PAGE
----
Liu Chuanzhi, the 75-years-old entrepreneur and founder of Chinese computer manufacturer Lenovo, will step down as chairman from Legend Holdings, the sole controlling shareholder of Lenovo, by the end of this week, Beijing News reported.
Hong Kong-listed Legend Holdings will officially announce the news on Wednesday after the trading session. According to multiple local media, 50-years-old Ning Min, currently senior vice president and CFO of Legend Holdings, will take Liu’s position.
Liu founded Legend Group in Beijing in 1984, with a capital of about RMB 200,000 (USD 28,500), together with 10 coworkers from the Chinese Academy of Science (CAS), where Liu served as an engineer-administrator. The company was then rebranded as Lenovo in 2003 for its expansion to the overseas market.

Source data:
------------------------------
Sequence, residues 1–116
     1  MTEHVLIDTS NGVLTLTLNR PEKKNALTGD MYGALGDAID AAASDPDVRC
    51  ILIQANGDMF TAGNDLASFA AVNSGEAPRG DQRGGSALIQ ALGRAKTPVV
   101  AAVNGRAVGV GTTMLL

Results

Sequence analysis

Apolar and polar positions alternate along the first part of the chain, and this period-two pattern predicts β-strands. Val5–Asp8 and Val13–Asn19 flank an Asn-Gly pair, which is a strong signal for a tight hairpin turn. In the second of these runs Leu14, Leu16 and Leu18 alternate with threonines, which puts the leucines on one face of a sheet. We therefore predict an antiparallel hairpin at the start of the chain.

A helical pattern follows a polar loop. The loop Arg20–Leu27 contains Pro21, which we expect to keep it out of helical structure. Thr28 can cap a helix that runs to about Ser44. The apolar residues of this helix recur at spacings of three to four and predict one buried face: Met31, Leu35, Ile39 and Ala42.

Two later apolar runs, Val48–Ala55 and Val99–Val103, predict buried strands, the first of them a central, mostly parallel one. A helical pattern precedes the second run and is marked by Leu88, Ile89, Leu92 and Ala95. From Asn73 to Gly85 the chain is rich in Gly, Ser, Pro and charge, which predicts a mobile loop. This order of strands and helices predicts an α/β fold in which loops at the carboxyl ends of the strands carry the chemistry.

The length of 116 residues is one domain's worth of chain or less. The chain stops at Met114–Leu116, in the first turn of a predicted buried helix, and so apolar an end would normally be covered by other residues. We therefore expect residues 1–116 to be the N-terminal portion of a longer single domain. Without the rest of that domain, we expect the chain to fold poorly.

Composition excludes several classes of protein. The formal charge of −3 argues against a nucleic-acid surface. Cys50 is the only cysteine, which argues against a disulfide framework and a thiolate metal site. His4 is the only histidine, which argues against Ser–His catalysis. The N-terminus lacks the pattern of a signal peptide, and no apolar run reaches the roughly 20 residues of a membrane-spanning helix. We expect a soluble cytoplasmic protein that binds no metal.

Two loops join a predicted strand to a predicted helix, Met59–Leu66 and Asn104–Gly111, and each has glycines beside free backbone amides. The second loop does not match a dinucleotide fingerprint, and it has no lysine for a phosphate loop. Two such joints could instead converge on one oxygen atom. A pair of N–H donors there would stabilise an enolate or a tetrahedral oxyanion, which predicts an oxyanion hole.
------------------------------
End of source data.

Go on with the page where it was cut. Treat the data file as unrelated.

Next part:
In 2005, Lenovo completed the acquisition of IBM’s PC business, becoming the third-largest personal computer company in the world, a landmark deal that many observers consider as a turning point for China’s technology industry.
In 2011, Liu stepped down as Lenovo’s chairman to focus more on the parent company Legend Holding’s operation, which covers multiple fields including IT, financial services, innovative consumption and services, agriculture and food, and new materials. At the same time, Lenovo announced its position as the world’s second-largest PC vendor with a market share of 13.5%, as reported in the company’s second fiscal quarter report of 2011.
Currently, Lenovo is the world’s largest PC vendor with a market share of 24.7% as of the third quarter of 2019, according to research firm Gartner, followed by Hp Inc with 22.4%, and Dell with 16.6% in the third place.
Legend Holdings Corp’s stock price inched up by 1.56% to HKD 16.96 (USD 2.20) to date, with a market cap of HKD 39.4 billion (USD 5 billion).